The headline inflation has grown consistently in the past 15 months to hit 15.75 per cent in December. The last time the index reached and exceeded its current figure was December 2018.
Unmanageable inflation growth is a challenge but just one among the red data the economy is grappling with. Unemployment (plus underemployment) also reached an all-time high of above 55.7 per cent last year just as the weak naira is crushing the purchasing power of an average citizen daily.
At the same time, production continues to face a cost efficiency challenge with the government’s ability to intervene being weakened by falling revenue. The country officially announced a recession last year when the gross domestic product (GDP) plunged over six per cent.
These indicators point to one worrisome socio-economic trend – a growing misery index, which a professor of economics, Akpan Ekpo, said “was above 90 per cent the last time” he calculated it.
The misery rate index determines how the average citizen is doing. It has a strong correlation with social upheavals and crime rate, which has already held the northern part of the country hostage manifesting in banditry, kidnapping and terrorism.
The index also, in theory, measures the social costs of unemployment, inflation and growth rates, which are all currently at a crisis level.
Ekpo, a former director-general of West African Institute for Financial and Economic Management, said the rising misery index would push more Nigerians below the poverty line and escalate social tensions, except urgent measures are taken to check it. He was, however, quick to identify the only macroeconomic tool that can work in the Nigeria current situation – fiscal policy.
Existing data suggest that Nigeria’s poverty level is already in dire straits. For instance, the latest round of the Nigerian Living Standards Survey of the National Bureau of Statistics (NBS) said 40 per cent of the total population of about 83 million people lived below the poverty line estimated at $381.75 per year as of 2019.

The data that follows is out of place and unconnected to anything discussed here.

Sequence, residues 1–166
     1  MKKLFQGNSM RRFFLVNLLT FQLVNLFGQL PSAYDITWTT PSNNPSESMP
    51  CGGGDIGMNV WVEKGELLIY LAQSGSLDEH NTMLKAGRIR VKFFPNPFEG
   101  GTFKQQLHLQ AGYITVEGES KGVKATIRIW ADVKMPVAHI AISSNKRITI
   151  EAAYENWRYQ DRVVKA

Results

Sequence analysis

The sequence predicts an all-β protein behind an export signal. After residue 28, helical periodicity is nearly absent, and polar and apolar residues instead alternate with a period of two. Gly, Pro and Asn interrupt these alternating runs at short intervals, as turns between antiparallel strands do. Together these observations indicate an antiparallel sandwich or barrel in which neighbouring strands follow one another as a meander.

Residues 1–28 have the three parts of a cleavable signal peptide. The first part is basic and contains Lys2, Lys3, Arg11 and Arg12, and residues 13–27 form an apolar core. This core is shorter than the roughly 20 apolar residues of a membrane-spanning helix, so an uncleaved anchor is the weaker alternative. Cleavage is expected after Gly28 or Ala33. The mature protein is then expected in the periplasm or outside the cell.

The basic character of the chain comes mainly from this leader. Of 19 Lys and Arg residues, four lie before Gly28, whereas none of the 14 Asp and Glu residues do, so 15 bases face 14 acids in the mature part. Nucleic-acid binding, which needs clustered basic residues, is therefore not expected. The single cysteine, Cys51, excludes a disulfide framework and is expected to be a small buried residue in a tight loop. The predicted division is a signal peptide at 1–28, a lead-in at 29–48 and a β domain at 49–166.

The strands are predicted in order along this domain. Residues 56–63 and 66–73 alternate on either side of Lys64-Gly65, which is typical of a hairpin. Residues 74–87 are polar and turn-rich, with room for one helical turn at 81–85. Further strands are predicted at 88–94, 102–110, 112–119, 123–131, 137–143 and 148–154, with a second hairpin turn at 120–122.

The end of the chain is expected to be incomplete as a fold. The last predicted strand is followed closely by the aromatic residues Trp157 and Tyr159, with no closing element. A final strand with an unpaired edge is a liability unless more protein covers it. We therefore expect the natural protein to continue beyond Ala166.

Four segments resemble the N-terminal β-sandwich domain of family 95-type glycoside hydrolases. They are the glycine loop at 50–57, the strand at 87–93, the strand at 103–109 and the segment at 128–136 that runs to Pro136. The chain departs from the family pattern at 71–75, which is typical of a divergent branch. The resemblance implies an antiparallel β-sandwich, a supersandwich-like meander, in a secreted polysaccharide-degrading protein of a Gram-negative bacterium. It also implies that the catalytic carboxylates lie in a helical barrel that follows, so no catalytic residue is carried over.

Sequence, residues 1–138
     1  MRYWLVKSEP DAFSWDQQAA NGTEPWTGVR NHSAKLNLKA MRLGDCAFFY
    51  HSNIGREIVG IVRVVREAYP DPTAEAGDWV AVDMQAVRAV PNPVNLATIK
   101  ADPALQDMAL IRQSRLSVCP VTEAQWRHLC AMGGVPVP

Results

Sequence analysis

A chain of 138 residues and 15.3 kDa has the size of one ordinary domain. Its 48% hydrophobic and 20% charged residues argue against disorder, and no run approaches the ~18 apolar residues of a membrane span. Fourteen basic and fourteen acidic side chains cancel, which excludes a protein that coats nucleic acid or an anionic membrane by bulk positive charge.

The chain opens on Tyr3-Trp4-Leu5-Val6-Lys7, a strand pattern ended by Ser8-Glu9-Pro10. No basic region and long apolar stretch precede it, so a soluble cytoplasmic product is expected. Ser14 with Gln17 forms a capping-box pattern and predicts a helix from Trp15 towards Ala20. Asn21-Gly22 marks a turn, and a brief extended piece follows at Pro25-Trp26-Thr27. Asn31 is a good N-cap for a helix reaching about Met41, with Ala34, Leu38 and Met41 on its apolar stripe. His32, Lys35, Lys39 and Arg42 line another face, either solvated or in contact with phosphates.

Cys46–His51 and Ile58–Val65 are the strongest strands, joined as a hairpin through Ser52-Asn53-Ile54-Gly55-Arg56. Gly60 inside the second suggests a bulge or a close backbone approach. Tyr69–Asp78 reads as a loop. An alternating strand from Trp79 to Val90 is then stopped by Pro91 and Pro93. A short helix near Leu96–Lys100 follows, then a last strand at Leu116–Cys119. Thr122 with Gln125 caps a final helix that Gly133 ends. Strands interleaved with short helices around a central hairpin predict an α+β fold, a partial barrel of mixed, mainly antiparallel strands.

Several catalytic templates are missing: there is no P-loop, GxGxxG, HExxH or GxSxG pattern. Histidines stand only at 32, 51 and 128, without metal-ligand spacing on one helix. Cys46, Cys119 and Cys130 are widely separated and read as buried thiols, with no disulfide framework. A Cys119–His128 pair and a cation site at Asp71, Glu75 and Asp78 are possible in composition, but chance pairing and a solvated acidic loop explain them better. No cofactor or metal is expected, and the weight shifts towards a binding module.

The 2020 data are not available but with the devastating impacts of the coronavirus 2019 (COVID-19) pandemic, which has thrown more people into the labour market and killed sources of livelihoods of thousands of households, the level of poverty is expected to have increased.
For millions of Nigerians who were already walking on a tightrope before the outbreak, COVID-19 was like a falling knife. The fall of oil prices has worsened the currency crisis with the naira losing about a quarter of its value to the dollar in the past 12 months as the Central Bank of Nigeria (CBN) is struggling to protect the local currency.
The contracting production, Ekpo said, has made the crisis extremely precarious. “The unemployment is rising; real interest rates are negative while the cost of borrowing is high for small businesses. This means we are heading towards a crisis,” he said.
While the big organisations may have been taking advantage of the all-time low bond yields to raise fund through debt instruments, the small and medium enterprises (SMEs), which, according to the International Finance Corporation (IFC), accounts for over 96 per cent of Nigeria’s businesses and generate about 84 per cent of the jobs, are still cash-starved. Some borrow at above 20 per cent where available.